Linezolid therapy for orthopedic infections

Raymund R. Razonable, Douglas R. Osmon, James M. Steckelberg

Research output: Contribution to journalReview articlepeer-review

81 Scopus citations


OBJECTIVE: To assess the clinical and bacteriological efficacy and the safety and tolerability profile of linezolid when used as the primary component of a combined surgical and antimicrobial treatment strategy for orthopedic infections. PATIENTS AND METHODS: We retrospectively reviewed medical records to obtain clinical, bacteriological, and safety outcomes of 20 consecutive patients who took linezolid for the treatment of orthopedic infections between April 1, 2000, and November 30, 2002. RESULTS: Twenty patients received linezolid therapy for microbiologically confirmed orthopedic infections due to gram-positive cocci during the 32-month study period. Fifteen patients (75%) had infections involving orthopedic hardware; in 10 of these patients, the hardware was removed. All 20 patients underwent surgical débridement. At a mean follow-up of 276 days, 11 patients (55%) achieved clinical cure, 7 (35%) had clinical improvement but received long-term antimicrobial suppressive therapy, 1 (5%) had clinical relapse after discontinuing linezolid treatment, and 1 (5%) died of a cause unrelated to linezolid treatment. Bacterial persistence was documented in 3 patients (15%), all of whom were infected with methicillin-resistant Staphylococcus aureus. Eight patients (40%) developed, reversible myelosuppression, 1 (5%) had irreversible peripheral neuropathy, and 2 (10%) discontinued linezolid treatment because of pancytopenia or urticaria. CONCLUSION: Oral linezolid may be an effective alternative therapy for orthopedic infections due to linezolid-susceptible gram-positive bacteria in patients who are unable to take other antimicrobial drugs because of drug allergy or intolerance or antimicrobial resistance.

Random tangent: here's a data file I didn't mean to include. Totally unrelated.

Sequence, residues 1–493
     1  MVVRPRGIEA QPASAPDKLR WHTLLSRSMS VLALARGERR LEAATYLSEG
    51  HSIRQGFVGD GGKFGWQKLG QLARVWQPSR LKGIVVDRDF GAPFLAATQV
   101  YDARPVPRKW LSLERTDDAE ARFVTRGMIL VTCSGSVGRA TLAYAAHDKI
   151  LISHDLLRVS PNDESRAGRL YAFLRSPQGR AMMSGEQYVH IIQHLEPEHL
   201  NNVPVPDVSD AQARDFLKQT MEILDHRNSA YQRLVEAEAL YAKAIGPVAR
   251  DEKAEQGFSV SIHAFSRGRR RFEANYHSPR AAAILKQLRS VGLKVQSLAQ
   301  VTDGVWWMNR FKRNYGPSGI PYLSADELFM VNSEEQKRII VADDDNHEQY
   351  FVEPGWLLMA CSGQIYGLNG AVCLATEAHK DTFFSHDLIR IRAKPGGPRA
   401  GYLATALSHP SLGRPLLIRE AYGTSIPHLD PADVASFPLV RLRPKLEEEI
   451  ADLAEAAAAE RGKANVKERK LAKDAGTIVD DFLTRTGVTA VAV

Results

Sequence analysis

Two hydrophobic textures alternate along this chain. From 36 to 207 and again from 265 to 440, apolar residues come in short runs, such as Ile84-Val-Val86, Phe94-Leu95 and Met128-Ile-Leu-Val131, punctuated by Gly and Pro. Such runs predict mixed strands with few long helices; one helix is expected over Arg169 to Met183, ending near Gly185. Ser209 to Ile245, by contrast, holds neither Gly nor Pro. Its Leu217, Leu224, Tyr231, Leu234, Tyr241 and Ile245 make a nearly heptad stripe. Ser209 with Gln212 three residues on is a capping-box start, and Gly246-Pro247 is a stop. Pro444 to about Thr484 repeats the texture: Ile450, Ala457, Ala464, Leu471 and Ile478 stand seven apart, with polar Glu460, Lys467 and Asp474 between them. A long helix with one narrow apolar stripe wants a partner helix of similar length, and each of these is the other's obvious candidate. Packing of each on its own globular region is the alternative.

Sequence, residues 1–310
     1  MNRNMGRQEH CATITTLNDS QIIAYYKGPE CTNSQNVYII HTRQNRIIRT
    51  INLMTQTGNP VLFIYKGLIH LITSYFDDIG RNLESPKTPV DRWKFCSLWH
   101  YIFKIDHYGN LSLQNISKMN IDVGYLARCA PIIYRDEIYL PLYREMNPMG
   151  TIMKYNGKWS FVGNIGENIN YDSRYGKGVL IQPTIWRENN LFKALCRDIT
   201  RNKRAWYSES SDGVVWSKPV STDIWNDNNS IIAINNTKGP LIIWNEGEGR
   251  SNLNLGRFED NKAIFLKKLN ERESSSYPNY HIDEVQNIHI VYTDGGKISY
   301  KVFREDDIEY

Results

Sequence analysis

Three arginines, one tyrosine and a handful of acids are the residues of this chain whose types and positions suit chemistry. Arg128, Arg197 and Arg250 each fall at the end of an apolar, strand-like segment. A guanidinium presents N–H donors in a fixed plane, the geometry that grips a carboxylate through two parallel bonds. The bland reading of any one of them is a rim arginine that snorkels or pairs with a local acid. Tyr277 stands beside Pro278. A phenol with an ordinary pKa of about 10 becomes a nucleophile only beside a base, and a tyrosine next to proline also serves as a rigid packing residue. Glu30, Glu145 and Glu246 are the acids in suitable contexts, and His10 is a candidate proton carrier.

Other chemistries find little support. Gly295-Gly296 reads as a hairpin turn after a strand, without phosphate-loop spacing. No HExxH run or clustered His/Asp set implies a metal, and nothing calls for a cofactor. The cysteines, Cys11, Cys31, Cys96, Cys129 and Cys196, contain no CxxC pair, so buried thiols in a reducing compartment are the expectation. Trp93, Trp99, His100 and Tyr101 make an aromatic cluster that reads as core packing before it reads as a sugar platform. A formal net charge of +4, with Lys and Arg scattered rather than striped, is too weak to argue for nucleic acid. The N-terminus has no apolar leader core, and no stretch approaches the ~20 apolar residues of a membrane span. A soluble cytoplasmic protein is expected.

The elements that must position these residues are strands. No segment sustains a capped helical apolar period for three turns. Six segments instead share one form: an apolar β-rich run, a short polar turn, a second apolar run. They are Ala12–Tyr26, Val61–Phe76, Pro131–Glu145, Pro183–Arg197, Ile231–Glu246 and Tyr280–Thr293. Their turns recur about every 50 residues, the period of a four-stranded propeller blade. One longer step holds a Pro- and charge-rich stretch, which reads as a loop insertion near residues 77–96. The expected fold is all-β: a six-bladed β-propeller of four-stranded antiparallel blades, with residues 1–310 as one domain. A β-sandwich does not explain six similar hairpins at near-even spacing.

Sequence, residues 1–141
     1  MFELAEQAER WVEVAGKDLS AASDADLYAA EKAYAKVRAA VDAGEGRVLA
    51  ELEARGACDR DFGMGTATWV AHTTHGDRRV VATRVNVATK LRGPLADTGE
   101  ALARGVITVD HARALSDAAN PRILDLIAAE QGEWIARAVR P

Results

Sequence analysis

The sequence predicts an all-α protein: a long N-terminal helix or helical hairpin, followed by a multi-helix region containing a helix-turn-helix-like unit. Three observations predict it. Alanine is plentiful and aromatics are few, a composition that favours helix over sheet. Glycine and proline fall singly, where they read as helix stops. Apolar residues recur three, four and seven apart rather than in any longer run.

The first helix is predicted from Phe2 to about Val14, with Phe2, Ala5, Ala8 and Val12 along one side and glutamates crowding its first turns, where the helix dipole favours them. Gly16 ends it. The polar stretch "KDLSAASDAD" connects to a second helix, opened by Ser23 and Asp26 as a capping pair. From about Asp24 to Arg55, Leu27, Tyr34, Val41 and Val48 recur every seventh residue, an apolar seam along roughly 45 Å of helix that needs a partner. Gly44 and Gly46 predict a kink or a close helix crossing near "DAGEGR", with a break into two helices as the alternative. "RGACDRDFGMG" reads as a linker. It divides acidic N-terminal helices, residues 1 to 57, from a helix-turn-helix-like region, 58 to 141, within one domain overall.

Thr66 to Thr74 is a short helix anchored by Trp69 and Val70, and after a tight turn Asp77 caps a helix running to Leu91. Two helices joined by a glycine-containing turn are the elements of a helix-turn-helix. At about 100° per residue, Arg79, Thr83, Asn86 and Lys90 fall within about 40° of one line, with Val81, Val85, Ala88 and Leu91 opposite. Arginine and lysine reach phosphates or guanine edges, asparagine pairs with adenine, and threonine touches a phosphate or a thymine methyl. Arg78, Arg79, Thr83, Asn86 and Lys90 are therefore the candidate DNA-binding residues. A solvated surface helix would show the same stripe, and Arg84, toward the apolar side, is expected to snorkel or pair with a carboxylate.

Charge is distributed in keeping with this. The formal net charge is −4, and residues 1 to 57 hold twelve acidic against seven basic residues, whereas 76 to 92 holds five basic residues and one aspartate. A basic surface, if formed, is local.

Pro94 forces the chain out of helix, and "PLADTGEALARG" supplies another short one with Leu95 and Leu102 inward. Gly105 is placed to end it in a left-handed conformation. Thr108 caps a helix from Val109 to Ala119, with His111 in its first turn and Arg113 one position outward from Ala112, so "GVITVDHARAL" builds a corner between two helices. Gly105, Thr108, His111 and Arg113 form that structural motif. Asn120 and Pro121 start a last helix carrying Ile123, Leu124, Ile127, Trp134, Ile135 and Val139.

Original languageEnglish (US)
Pages (from-to)1137-1144
Number of pages8
JournalMayo Clinic proceedings
Issue number9
StatePublished - Sep 2004

ASJC Scopus subject areas

  • General Medicine


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